As part of a continuing conversation (1, 2, 3, and 4) on younger generations and ministerial leadership, I’m sketching out some insights into Joyce Donahue‘s offer to younger generations of Catholics, “Let us learn from you how God is calling people into lay ministry today.”
One of the most important axioms I took away from reading Working Hard–And Working Well: A Practical Guide to Performance Management (David E.K. Hunter) is to aim to seek out data and stories when seeking understanding (p. 33-34). A wonderfully told story may be inspirational, but doesn’t necessarily help us know what’s typical. Likewise, all the quantitative data in the world isn’t enough to convey our “contextual,” “nuanced” human reality (aka we’re all too messy to be captured solely through data). [By the way, this book is available as a free download if you’re intrigued…]
With this in mind, I’ll be offering both–a few takes on the quantitative, as well as my own story* (which is, to use Joyce Donahue’s spot-on characterizations, “convoluted” and conversion-filled to say the least).
CARA functionally identifies lay ecclesial ministers (LEMs) as “professional and trained lay persons involved in paid parish ministry for at least 20 hours a week” (lay=not ordained; lay≠less professional/educated/certified/experienced). [Note: I personally have some linguistic concerns with the term LEM–but since most readers are in the U.S. and using USCCB language, we’ll stick with it for the sake of clarity. Plus, I’m in the military so I have an inherent desire to use as many acronyms as possible. J/k 😉 ]
Based on CARA’s most recent blog posts, the average age of a LEM in the U.S. is 55, and roughly 5 percent of LEMs are from the Millennial generation. The average age of an adult Catholic is 45. According to the Association of Graduate Programs in Ministry (AGPIM)’s November 2010 Student Survey Report, 12 percent of those in graduate ministry programs were Millennials (defined as post-1983, slightly younger than other metrics which use a 1980 or 1982 start date).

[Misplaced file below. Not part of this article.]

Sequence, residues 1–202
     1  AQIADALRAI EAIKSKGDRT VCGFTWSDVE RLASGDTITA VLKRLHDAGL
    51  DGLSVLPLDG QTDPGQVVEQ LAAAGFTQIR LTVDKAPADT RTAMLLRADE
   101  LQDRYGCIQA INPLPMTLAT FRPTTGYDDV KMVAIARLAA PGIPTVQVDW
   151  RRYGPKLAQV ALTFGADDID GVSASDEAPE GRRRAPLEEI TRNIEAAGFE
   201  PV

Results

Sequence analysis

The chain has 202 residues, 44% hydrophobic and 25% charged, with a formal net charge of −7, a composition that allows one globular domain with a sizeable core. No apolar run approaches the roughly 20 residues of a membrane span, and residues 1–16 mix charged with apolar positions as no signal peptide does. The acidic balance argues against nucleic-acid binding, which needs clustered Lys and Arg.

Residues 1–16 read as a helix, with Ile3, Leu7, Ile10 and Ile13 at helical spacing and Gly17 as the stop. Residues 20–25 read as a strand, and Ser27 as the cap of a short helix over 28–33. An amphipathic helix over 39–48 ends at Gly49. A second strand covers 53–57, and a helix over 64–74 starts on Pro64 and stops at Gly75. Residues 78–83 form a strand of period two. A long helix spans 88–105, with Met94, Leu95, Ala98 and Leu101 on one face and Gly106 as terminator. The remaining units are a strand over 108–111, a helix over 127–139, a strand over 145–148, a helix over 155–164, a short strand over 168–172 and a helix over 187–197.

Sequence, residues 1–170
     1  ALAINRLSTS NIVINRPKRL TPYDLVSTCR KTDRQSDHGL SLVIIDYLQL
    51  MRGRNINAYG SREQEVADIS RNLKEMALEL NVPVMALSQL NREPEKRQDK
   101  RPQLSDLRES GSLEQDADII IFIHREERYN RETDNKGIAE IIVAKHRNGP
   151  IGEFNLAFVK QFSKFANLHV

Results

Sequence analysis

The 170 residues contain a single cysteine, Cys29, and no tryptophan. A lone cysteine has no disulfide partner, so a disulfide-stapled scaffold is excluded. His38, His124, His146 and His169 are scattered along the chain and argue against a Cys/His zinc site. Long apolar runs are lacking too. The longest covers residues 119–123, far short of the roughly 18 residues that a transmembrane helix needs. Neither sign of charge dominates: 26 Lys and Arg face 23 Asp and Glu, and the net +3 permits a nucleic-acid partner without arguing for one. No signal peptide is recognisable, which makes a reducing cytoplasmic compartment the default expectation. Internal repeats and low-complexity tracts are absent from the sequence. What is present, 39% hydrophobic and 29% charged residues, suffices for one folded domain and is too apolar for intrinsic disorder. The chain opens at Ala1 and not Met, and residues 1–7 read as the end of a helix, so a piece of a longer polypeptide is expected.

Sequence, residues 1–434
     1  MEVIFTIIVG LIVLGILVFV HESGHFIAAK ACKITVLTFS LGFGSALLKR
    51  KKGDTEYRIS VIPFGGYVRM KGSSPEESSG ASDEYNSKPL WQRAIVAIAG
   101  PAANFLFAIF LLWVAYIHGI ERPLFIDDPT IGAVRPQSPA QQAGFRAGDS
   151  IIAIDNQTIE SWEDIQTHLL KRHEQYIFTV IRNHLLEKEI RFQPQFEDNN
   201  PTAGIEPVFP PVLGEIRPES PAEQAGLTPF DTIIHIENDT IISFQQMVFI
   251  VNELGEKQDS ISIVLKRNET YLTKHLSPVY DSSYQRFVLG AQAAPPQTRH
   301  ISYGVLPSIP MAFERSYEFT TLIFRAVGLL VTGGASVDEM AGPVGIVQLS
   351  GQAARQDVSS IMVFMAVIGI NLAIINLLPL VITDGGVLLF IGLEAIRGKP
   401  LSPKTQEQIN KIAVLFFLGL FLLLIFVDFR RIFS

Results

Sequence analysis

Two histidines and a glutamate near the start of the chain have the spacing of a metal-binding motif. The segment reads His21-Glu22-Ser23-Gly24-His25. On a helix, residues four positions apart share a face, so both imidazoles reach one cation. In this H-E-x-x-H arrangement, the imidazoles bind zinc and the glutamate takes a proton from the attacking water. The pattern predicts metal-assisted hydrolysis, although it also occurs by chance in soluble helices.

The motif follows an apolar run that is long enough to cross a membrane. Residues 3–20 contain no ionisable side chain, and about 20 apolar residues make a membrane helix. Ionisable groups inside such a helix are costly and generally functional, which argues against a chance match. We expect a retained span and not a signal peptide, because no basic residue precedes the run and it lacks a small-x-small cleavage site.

Donahue asks us to consider, “how does an early vocation work?” [Note: the average age parish ministers first hear a call to ministry is 29 (see footnote 8)]
Fundamentally, any call works through and with the Holy Spirit. We’re considering the human response side of things here, not trying to measure grace.
In 2012, CARA completed a study, Consideration of Priesthood and Religious Life Among Never-Married U.S. Catholics. Overall, 80 percent of male respondents and 74 percent of female respondents were members of the Millennial generation.
The national study included this question:
A lay ecclesial minister is someone with professional training working or volunteering in a ministry at least part-time for a Catholic parish or other Church organization (for example, director of religious education, pastoral associate, youth minister, campus chaplain, or hospital chaplain). Have you ever considered serving in the Church as a lay ecclesial minister?
Here’s what CARA found among never-married men:
And among never-married women:
Overall, 7% of respondents—male and female combined—said they had ever considered becoming a LEM…A total of 0.9% of respondents indicated that they had considered becoming a LEM and now serve as such already.
This is lower than the 12 percent of male respondents who considered becoming a priest or brother and the 10 percent of female respondents say who considered becoming a religious sister.
Okay, so based on CARA’s regression analysis, what is statistically significant as a positive predictor of someone in a [mostly] Millennial never-married population considering becoming a LEM?
Faith is among the most important or the most important part of life (3.2 times more likely to consider than those not responding as such)
Participated in campus ministry on a college campus (3.1 times more likely to consider than those who did not)
Reads or prays with the Bible or Scripture at least once a week (2.9 times more likely to consider than those who do not)
Has volunteered in a service project in their local community to help people in need (2.6 times more likely to consider than those who did not)
Belongs to a group or organization that encourages devotion to Mary (2.4 times more likely to consider than those who do not)
Self-identifies as Hispanic or Latino/a (2.3 times more likely to consider than those self-identifying as Non-Hispanic white)